Virchow wan­ted to pre­sent in his muse­um the then known spec­trum of human dise­a­ses as com­pre­hen­si­ve­ly as pos­si­ble. This inclu­ded all kinds of forms known to natu­re and also show­ed some of the mons­tro­si­ties that it can bring forth. With the works he pro­du­ced for this exhi­bi­ti­on Rei­ner Maria Maty­sik shows us the diver­si­ty of life that humans could now bring forth, and likely will bring forth in the future. Pos­si­b­ly com­ple­te­ly dif­fe­rent noti­ons of the body will domi­na­te that are not ori­en­ted on con­tem­pora­ry norms. And yet the future life forms that Maty­sik jux­ta­po­ses with the spe­ci­mens at times do look a lot like the spe­ci­mens in the glass show­ca­ses. The empty space that gapes bet­ween the artis­ti­cal­ly moti­va­ted objects and the his­to­ric spe­ci­mens is inte­res­ting: we do not see any tech­ni­cal aids, prosthe­ses, or arti­fi­cial­ly crea­ted pro­ducts, which pre­sent the future human being as a cyborg. Tech­no­lo­gi­cal inter­ven­ti­ons in life its­elf are alrea­dy so advan­ced that this can be done at the mole­cu­lar level, and our eyes can no lon­ger dis­tin­guish bet­ween natu­ral orga­nisms and arti­fi­cial orga­nisms. This is not about tech­ni­cal visi­ons of the future poten­ti­al of medi­ci­ne, but rather about the trans­for­ma­ti­on of our noti­on of living orga­nisms. Our con­cept of the human is far older than the tech­no­lo­gy that is at our dis­po­sal today to mani­pu­la­te life. The­re are still strict legal and ethi­cal rules which are clo­se­ly con­nec­ted to the pur­po­se of healing. But what if in the not too distant future living orga­nisms beco­me a pure and pur­po­seless medi­um in which artists, for examp­le, are allo­wed to express them­sel­ves? In the auto­no­mous, organ-like tis­su­es we see enti­ties that the artist pres­ents who­se sta­tus has still to be deter­mi­ned. For me, the Medi­cal Histo­ry Muse­um is the ide­al place to address the­se important ques­ti­ons, which con­cern us all, in a pre­cise situation. 

Ani­ta Hermannstädter

Rei­ner Maria, for the exhi­bi­ti­on jen­seits des men­schen you worked for the first time with wax, a mate­ri­al that has been used from time imme­mo­ri­al in art and sci­ence to con­struct models. What signi­fi­can­ce does the choice of this mate­ri­al have for your exhi­bi­ti­on in the Muse­um of the Charité?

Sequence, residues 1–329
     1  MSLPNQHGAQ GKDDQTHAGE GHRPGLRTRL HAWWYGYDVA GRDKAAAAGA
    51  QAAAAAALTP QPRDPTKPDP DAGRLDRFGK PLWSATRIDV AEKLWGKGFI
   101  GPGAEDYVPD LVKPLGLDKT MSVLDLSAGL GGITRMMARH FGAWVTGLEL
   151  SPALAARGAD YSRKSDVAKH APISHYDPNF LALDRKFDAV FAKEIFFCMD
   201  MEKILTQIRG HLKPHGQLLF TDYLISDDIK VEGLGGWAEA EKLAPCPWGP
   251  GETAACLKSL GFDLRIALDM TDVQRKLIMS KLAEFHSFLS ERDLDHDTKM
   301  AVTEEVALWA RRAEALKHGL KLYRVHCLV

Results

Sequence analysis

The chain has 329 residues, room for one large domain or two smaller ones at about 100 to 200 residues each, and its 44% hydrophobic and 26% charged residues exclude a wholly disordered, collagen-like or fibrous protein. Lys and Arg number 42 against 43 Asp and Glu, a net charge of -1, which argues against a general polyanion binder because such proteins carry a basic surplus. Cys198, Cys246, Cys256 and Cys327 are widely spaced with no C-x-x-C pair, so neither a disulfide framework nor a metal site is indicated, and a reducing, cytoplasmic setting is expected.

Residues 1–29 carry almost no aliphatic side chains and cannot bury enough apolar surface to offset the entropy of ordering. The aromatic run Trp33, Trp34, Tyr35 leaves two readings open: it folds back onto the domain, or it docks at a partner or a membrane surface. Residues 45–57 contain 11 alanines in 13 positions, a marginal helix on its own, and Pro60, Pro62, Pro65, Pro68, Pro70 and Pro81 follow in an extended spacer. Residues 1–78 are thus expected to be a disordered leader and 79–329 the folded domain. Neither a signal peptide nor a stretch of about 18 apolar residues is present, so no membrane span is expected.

Rei­ner Maria Matysik

Cer­tain­ly, I beca­me inte­res­ted in working with wax through loo­king at the mou­la­ges in the muse­um. But the ques­ti­on of the mate­ri­al should not be view­ed as so important. The decisi­on to use wax is con­nec­ted with the pro­per­ties of the mate­ri­al: trans­pa­ren­cy, fle­shi­ness, warm­th, skin-like. Obvious­ly, wax has a long tra­di­ti­on, which one is con­stant­ly awa­re of when con­fron­ted by objects made from this mate­ri­al. But ulti­mate­ly all means and all mate­ri­als are appro­pria­te when one seeks to con­vey visu­al pre­sence. By this I do not mean the geni­al manu­al skill that shapes from a form­less mass the secret that lies buried wit­hin it. Ins­tead, the work con­sists in making the given appe­ar in a dif­fe­rent light through a shift of context.

The two methods com­ple­ment each other. Objects can­not be com­pre­hen­ded via mate­ria­li­ty, form, sur­face, or colour. They are embed­ded in the con­text in which they appe­ar. With models, for examp­le, clas­si­fi­ca­ti­ons and descrip­ti­ons are a part of the work. Form of pre­sen­ta­ti­on and pre­sen­ted object are an inse­pa­ra­ble unit. This method of working also results in inclu­si­on of the qua­li­ties of the surroundings. 

Ani­ta Hermannstädter

Rei­ner Maria, the exhi­bi­ti­on is in three parts: the wax models in the spe­ci­mens room, the orga­nisms in the lec­tu­re hall ruin, and a »living sculp­tu­re«, which was crea­ted in a labo­ra­to­ry and can only be exhi­bi­ted in the muse­um as a spe­ci­men. For the sculp­tu­re some of your skin was remo­ved by sur­ge­ry, which was then used to grow cell she­ets in the labo­ra­to­ry of the Deut­sches Insti­tut für Zell- und Gewe­be­er­satz. Does the use of this living mate­ri­al mean that you are con­scious­ly taking a step clo­ser to Bio­Art, which seeks pro­xi­mi­ty to and imple­ments the tech­ni­cal methods of the life sciences? 

Rei­ner Maria Matysik